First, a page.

A 12.7 mm coaxial machine gun complements the main weapon. Several options for the integration of remotely controlled weapon stations (RCWS) offer flexibility for proximity and drone defense. The KF51 Panther presented at Eurosatory 2022 is equipped with Rheinmetall’s new “Natter” (adder) RCWS in the 7.62 variant.
Integrating a launcher for HERO 120 loitering munition from Rheinmetall’s partner UVision into the turret is equally possible. This enhances the KF51’s ability to strike targets beyond the direct line of sight.
Survivability and force protection: The Panther has a fully integrated, comprehensive, weight-optimized protection concept, incorporating active, reactive, and passive protection technologies. Without a doubt, the concept’s most compelling feature is its active protection against KE threats. It increases the level of protection without compromising the weight of the system.
Rheinmetall’s Top Attack Protection System (TAPS) wards off threats from above, while the fast-acting ROSY smoke/obscurant systems conceals the KF51 from enemy observation. Moreover, its digital NGVA architecture enables the integration of additional sensors for detecting launch signatures. Thanks to its pre-shot detection capability, the KF51 Panther can recognize and neutralize threats at an early stage. Designed to operate in a contested electromagnetic environment, the KF51 is fully hardened against cyber threats.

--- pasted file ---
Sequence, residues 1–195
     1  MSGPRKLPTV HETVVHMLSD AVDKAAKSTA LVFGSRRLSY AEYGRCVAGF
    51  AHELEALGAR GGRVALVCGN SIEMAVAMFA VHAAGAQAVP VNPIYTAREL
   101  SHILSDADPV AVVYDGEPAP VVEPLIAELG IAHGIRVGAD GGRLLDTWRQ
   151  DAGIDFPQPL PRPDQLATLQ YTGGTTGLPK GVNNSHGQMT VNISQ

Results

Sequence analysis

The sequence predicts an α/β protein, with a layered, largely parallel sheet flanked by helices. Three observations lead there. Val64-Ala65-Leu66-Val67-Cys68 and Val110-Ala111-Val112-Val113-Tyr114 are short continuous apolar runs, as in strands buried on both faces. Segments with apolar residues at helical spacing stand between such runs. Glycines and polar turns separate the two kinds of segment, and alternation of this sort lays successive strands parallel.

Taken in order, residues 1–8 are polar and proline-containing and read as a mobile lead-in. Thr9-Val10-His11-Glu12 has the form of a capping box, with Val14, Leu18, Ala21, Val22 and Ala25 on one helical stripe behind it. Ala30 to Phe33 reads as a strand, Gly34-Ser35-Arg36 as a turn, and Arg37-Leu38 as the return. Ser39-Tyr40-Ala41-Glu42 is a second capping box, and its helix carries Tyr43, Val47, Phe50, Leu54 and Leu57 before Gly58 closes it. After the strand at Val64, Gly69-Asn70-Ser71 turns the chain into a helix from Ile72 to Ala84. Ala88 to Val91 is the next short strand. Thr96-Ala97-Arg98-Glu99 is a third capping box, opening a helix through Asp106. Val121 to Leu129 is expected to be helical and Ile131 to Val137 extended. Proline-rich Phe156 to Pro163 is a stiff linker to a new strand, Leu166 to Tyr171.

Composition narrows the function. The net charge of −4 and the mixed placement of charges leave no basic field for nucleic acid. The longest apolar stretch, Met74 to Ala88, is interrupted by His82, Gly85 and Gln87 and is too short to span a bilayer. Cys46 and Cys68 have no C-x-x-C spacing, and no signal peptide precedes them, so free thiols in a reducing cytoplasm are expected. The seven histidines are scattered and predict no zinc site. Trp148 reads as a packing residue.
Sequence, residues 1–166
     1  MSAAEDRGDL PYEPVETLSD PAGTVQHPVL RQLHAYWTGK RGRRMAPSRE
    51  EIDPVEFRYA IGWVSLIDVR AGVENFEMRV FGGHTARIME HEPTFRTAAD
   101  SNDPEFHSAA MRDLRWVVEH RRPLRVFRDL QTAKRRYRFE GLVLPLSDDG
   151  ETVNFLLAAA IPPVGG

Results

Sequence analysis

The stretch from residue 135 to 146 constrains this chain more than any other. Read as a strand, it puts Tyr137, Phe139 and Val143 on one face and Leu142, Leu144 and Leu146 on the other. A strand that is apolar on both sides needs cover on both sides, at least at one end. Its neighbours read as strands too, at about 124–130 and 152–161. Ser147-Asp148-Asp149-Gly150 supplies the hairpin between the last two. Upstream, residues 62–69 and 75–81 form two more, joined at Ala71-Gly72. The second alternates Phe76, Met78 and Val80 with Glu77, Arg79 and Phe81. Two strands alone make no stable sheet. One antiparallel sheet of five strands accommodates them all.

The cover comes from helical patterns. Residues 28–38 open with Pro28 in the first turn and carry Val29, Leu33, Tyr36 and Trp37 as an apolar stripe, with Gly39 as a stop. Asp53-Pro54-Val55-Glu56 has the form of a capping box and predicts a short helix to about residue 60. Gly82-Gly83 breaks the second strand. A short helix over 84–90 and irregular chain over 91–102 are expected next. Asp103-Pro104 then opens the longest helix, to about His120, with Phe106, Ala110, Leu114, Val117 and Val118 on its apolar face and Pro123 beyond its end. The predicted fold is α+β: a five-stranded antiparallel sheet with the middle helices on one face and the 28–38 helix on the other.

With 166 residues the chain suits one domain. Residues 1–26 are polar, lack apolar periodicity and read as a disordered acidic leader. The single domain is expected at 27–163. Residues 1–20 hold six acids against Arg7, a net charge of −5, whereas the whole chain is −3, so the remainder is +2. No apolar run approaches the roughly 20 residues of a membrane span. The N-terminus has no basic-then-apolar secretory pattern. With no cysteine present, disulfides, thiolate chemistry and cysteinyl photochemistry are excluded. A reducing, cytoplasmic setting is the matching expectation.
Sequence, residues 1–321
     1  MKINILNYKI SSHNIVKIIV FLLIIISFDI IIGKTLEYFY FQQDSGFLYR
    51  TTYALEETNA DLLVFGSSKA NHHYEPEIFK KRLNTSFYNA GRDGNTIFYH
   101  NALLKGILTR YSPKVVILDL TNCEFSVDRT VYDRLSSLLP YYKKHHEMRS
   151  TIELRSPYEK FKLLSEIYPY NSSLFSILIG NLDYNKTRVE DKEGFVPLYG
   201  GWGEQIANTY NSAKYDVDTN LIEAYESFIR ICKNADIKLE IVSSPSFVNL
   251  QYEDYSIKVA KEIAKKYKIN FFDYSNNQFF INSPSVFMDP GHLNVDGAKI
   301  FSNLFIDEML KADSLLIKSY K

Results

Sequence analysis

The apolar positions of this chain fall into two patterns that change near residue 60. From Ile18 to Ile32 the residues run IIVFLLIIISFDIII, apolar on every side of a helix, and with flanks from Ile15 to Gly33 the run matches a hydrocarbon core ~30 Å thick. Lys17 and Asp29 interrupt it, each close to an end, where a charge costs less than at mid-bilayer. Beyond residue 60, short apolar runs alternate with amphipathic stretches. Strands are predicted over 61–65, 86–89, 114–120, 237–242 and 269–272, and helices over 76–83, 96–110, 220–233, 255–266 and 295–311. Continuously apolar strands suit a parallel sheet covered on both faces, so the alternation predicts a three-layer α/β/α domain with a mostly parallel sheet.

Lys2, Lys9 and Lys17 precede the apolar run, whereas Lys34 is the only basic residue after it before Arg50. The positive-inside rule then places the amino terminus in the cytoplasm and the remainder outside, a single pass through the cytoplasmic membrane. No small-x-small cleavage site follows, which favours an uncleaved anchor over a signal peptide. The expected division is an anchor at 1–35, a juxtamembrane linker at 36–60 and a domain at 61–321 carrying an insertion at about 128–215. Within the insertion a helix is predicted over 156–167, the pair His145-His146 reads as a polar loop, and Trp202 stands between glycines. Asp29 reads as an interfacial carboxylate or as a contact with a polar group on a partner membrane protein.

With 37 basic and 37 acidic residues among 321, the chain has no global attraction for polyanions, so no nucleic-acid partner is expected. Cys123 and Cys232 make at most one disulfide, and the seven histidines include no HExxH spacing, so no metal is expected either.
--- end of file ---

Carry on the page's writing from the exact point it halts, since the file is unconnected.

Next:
Controllability and networking: The KF51 Panther features an innovative operating concept. It is basically designed for a three-person crew: the commander and gunner in the turret and the driver in the chassis, where an additional operator station is available for a weapons and subsystems specialist or for command personnel such as the company commander or battalion commander.
Designed in accordance with NGVA standards, the tank’s fully digital architecture enables seamless integration of sensors and effectors both within the platform as well as into a networked “system of systems”. The operation of sensors and weapons can be transferred instantly between crew members. Each operator station can take over the tasks and roles from others, while retaining full functionality. Since the turret and weapons can also be controlled from the operator stations in the chassis, variants of the KF51 Panther with unmanned turrets or completely remote-controlled vehicles are also planned in the future.